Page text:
Foreign Banks in Germany a Broad Range of Different Strategies

By Scheele, Wilfried | American Banker, June 5, 1986 | Go to article overview

Foreign Banks in Germany a Broad Range of Different Strategies


Scheele, Wilfried, American Banker


Foreign Banks in Germany A Broad Range of Different Strategies

In the Federal Republic of Germany, 47 countries are represented in the banking business by agencies, branches, subsidiaries or joint enterprises. This shows the importance of Germany as a financial location. 181 foreign banks have agencies, 63 foreign banks are represented by branches, and another 53 banks hold controlling interests in legally independent banks or subsidiaries.

The volume of business of all the branches of foreign banks in Germany was DM 81 billion at the end of 1985. About DM 70 billion must be added to this from banks subject to a controlling interest by foreign banks appearing in the statistics of the German Federal Reserve Bank under the headings of "Regional Banks' and other "Commercial Banks' or "Private Bankers'. The overall volume of business of foreign banks in Germany is thus about DM 150 billion, i.e. 20% of the volume of business of "Commercial Banks' in Germany or 4.5% of the volume of business of all banks in Germany taken as a whole.

Are these percentages explicative? The answer must be: Not really. Foreign banks are not doing business in all the areas of major interest of German banks. Euro-business, too, is not covered by the above figures. My estimate of the share of foreign banks in the overall business in Germany covered jointly with German banks is approximately 10%, this share being somewhat higher in some areas, e.g. foreign exchange dealings and international payments.

Generally, it can be said that foreign banks are visible in the Federal Republic of Germany, but do not have a share in the market which could be termed significant.

Development During the Post-War Period

The volume of business of foreign banks and therefore the share of foreign banks in German banking business is all the easier to comprehend if it is remembered that the figures reached today have slowly but steadily developed during the last 25 years from almost zero, the volume of business of branches of foreign banks alone doubling during the last five years.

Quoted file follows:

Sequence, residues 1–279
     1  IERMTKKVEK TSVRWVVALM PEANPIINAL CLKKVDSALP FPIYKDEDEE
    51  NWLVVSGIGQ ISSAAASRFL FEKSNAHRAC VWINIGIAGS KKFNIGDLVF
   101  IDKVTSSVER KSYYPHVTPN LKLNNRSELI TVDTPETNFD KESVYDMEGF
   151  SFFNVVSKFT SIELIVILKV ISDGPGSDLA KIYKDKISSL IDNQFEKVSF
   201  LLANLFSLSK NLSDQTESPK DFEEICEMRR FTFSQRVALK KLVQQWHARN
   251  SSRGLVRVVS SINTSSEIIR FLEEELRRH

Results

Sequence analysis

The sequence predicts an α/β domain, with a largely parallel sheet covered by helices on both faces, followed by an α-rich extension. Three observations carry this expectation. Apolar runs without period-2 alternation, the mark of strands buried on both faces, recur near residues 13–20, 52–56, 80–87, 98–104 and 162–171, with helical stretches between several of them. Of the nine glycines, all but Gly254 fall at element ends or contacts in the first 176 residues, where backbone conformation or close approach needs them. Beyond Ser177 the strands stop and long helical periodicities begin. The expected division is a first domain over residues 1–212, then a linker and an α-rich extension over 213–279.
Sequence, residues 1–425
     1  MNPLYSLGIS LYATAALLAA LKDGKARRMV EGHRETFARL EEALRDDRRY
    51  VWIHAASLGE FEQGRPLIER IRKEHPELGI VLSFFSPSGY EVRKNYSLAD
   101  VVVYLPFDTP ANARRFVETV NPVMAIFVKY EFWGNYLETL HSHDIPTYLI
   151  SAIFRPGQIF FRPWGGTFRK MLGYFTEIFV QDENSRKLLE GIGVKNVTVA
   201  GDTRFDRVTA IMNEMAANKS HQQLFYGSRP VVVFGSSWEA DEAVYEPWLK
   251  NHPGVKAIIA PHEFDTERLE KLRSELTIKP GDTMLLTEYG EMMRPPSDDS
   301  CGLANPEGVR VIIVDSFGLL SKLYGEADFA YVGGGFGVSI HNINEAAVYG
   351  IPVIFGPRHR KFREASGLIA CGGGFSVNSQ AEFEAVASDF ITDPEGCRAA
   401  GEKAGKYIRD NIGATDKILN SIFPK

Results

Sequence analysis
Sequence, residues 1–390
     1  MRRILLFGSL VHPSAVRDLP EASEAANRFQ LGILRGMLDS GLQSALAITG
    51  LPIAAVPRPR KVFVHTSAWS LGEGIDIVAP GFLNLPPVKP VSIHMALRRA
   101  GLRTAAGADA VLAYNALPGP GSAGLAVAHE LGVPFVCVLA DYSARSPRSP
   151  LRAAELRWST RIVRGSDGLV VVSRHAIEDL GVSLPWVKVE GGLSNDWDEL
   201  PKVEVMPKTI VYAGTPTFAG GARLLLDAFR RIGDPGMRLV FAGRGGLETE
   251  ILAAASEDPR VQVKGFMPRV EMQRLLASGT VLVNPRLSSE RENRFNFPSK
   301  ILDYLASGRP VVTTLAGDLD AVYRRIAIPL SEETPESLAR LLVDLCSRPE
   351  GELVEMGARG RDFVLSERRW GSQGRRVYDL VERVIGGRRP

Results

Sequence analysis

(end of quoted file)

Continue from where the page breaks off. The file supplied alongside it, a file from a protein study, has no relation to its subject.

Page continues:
In the beginning, i.e. after the war until the late 50s, there were but a handful of British banks in Hamburg, continuing business from the pre-war period, and some other foreign banks functioning as military banks for their respective military units.

American banks were the first to establish branches and subsidiaries in Germany.

Then, as German banks increasingly went abroad, a reverse movement was triggered off almost immediately: more and more foreign banks came to Germany. Additional, if not decisive, factors for becoming active in the Federal Republic of Germany were seen in the increasing German economic strength, the excellent export achievements, and in the increasing value and stability of the German currency. All good reasons for foreign banks to establish domicile in Germany, mostly in Frankfurt.

Business Development of Foreign Banks

The requirements of the German Banking Law set the framework for the activity of all banks, including foreign banks. The appearance of foreign banks on the German market had a strong effect on the personnel situation. Many, mostly younger, bank clerks saw their chance to get ahead quicker in new enterprises. Wages, therefore, were and now still are usually somewhat higher than for the corresponding positions in German banks. This is a surcharge always to be paid by foreign institutions, the same being true for German banks abroad, at least in the leading industrial countries.

Foreign banks gradually built up their range of services enabling them to meet the strong competition of German banking institutions. Foreign banks were also subject to credit losses during the 70s and early 80s due to decreasing numbers of good borrowers. In many cases, large parts of the allocated capital were lost. It must be mentioned, however, that no banking institution operating in Germany, independent of its legal status, was abandoned by its foreign parent bank. …

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